I have one more (purple) skein of this soft & light yarn, so there may be a striped variation of the pattern in the future. I don't think I got even a third of the way into the second skein of the blue, so I've got the yarn. But more gifts must first finish -- let's see how many I can complete this weekend!


I'm seriously into gift knitting now, with Christmas but six weeks away. The tally Alison is keeping over at the blue blog helps to motivate me, although, upon second counting, I think 3 of 10 should be more like 4 of 13.

But this captivating blog world can always draw me into starting something else: so now on the needles is a Bucket O'Chic, another great Bonne Marie design, to go with Caroline's poncho. I corresponded with the great Ms. Burns when she expanded the patterns sizes, and she was glad to hear I'd be trying one of the smaller versions. Of course, it's also a quicker knit than one for myself -- and one I can complete within the timeframe of Becky's Bucket-Along!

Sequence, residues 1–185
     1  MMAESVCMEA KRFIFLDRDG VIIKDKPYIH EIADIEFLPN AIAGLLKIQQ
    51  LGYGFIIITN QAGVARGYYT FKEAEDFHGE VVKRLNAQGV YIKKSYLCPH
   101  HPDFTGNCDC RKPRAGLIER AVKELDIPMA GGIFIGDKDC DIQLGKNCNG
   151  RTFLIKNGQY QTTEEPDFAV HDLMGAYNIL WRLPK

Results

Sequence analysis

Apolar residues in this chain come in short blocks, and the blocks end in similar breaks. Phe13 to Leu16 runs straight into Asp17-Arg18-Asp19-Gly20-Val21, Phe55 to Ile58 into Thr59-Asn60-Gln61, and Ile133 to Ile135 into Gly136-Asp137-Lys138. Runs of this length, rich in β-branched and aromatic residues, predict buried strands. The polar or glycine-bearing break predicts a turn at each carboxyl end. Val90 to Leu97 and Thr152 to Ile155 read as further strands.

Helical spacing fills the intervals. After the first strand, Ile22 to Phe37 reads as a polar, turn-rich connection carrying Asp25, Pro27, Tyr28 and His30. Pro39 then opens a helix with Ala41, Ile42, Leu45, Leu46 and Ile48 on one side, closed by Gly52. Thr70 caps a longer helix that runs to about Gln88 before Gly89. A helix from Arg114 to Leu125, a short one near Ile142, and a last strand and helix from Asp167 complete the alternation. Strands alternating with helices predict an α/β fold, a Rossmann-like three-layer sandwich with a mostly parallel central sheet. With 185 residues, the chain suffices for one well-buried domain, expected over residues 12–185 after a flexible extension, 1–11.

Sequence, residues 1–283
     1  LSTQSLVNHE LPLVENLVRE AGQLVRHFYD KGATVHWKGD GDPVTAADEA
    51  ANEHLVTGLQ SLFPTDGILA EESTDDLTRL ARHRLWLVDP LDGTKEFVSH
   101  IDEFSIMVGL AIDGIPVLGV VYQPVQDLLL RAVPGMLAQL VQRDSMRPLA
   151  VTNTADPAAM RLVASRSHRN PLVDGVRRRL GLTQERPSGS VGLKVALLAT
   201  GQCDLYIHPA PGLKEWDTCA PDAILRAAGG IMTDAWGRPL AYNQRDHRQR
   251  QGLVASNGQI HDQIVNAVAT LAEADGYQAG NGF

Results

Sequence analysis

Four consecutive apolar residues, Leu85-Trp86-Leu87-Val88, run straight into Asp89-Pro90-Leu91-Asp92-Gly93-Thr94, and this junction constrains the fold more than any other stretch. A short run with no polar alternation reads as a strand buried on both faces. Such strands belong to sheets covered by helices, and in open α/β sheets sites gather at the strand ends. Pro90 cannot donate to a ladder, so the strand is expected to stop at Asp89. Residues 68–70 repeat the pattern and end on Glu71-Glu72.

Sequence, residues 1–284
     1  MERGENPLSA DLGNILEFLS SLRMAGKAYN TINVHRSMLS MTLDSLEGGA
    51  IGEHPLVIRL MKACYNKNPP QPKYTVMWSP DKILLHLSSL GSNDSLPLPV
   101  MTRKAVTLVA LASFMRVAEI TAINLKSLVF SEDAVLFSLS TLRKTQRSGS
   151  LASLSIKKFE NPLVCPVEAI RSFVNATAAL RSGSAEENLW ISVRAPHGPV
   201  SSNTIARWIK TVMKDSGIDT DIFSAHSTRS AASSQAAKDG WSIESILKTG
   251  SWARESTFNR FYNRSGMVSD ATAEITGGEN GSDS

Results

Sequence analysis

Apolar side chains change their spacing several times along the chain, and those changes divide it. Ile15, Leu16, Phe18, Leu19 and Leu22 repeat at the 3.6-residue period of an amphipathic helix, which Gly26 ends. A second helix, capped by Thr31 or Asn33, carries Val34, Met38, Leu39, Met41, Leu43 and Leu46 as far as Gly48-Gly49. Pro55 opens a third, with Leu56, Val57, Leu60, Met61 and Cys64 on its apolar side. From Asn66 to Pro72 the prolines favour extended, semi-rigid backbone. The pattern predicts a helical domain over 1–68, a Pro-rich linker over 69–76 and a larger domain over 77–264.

I also started one more scarf over the weekend, this one of a yarn called Pom Pom which is rather a bitch to knit, especially since I decided to do a drop-stitch design. I'm intrigued that this is now the fourth gift scarf with a primary color of green; I've definitely been into green of late, but why am I giving it all away?

Progress pix next time -- the blue hat for Sarah is coming along nicely!

The Event Itself

Astra Design Gallery was packed with people last night -- and with scarves. I'd call the ART 180 benefit scarf auction and sale a roaring success (despite my lack of data to back that up).

Scarves everywhere, of all shapes, sizes, materials and hues. I needed nearly an hour to examine them all (at a leisurely pace, to be sure, with the wee one at my side). Caroline tried on a number of the extra-fuzzy ones, but her attention was particularly drawn to a scarf with alphabet beads worked into the garter stiches. When we arrived, two of mine had sold already, and I got to talk to the gal who bought the pink ribbon one. Were I not a knitter, many more might have come home with me; instead, several ideas filled my head, and this scarf, made by a cool chick named Alex whom I know and admire, wrapped my neck. I loved its freeform nature, so chose it over my chenille buttonhole one.